Queensland to develop peak oil strategy.
The Queensland State Government is to develop a strategy to help Queenslanders lessen their reliance on liquid fossil fuels as the price of oil increases and supply diminishes. Minister for Sustainability, Climate Change and Innovation, Andrew McNamara, who is also the Australian patron of the Association for the Study of Peak Oil said the future availability of fossil fuel and alternative energy supplies is one of the main sustainability issues facing society today. The strategy will have three broad elements: reducing the consumption of liquid fossil fuels; encouraging the development and use of alternative fuels; and preparing for demographic and regional changes as Queenslanders alter travel, work and living habits in response to rising fuel prices.
Security council urged to punish CO2 offenders.
The U.N. General Assembly is bringing together business leaders, activists and government officials for a debate on climate change.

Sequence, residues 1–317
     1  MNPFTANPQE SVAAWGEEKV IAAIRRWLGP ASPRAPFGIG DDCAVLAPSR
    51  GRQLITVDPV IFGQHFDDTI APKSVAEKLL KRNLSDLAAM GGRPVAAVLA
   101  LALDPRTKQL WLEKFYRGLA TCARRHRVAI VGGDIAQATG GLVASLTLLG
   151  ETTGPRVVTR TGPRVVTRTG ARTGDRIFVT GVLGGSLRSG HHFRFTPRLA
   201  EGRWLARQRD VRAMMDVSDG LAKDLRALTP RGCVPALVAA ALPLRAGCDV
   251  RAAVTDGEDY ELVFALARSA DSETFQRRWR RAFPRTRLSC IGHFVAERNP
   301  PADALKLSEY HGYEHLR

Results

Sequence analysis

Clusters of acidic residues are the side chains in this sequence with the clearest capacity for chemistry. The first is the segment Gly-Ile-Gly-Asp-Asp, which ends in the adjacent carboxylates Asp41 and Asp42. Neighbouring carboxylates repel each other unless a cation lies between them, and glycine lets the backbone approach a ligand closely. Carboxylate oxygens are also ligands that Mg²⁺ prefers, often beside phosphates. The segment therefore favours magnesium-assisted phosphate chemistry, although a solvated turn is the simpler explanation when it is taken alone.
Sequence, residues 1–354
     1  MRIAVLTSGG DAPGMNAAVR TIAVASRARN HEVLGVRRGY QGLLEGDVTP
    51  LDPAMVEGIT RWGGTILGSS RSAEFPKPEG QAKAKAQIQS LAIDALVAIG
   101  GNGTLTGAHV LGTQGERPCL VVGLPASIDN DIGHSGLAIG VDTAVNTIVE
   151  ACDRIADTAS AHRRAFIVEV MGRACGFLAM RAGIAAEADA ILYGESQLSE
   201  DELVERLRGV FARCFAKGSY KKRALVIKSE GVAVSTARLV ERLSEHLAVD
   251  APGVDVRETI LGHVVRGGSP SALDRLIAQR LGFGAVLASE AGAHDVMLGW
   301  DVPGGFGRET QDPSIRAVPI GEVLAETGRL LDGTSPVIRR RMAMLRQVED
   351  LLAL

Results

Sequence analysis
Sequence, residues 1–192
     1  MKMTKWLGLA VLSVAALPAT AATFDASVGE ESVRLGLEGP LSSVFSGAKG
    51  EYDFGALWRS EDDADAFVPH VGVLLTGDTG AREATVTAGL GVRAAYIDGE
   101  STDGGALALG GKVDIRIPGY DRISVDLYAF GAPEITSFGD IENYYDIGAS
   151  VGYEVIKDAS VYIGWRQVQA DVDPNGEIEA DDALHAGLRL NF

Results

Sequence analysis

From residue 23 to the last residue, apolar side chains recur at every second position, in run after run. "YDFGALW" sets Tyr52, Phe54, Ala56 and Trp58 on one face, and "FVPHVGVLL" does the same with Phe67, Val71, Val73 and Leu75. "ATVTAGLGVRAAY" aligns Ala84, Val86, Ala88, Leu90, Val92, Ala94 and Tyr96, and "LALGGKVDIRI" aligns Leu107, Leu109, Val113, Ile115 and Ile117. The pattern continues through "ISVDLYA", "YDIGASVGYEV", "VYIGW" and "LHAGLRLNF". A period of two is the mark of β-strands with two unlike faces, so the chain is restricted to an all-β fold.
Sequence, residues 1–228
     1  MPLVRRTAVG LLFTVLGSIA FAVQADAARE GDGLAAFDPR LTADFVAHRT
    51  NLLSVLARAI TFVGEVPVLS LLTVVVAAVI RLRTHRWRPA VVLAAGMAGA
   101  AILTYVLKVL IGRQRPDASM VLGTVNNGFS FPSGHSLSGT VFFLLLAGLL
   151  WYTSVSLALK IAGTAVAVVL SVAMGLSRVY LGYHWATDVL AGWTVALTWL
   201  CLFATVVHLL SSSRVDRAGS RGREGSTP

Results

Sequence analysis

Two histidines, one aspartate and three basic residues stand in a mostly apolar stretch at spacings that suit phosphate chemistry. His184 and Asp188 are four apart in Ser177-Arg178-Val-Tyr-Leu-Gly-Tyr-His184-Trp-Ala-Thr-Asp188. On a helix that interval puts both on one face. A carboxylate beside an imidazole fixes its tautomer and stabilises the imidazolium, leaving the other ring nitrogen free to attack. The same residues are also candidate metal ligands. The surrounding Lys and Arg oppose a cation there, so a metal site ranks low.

Monbiot - A new generation of biofuels turns out to be another environmental disaster.
Major cycling scheme announced by London Mayor.
U.K. Church advocates carbon fast for Lent providing 40 day plan.
Peak-oilers put money where mouths are with one-sided $100,000 bet.
Experts tip Australian emission targets of 13 to 15%.
The International Rising Tide network and its allies are calling for a day of action against the fossil fuel industry on April 1st 2008 FOSSIL FOOLS DAY!
Compare and contrast the U.S candidates - Grist's in-depth coverage of the presidential candidates' green stances, including exclusive interviews and fact sheets on their energy and climate platforms.
Hairy solar panels could result from nanowire breakthrough.
Taking people power to a new level – Knee mounted electrical generator.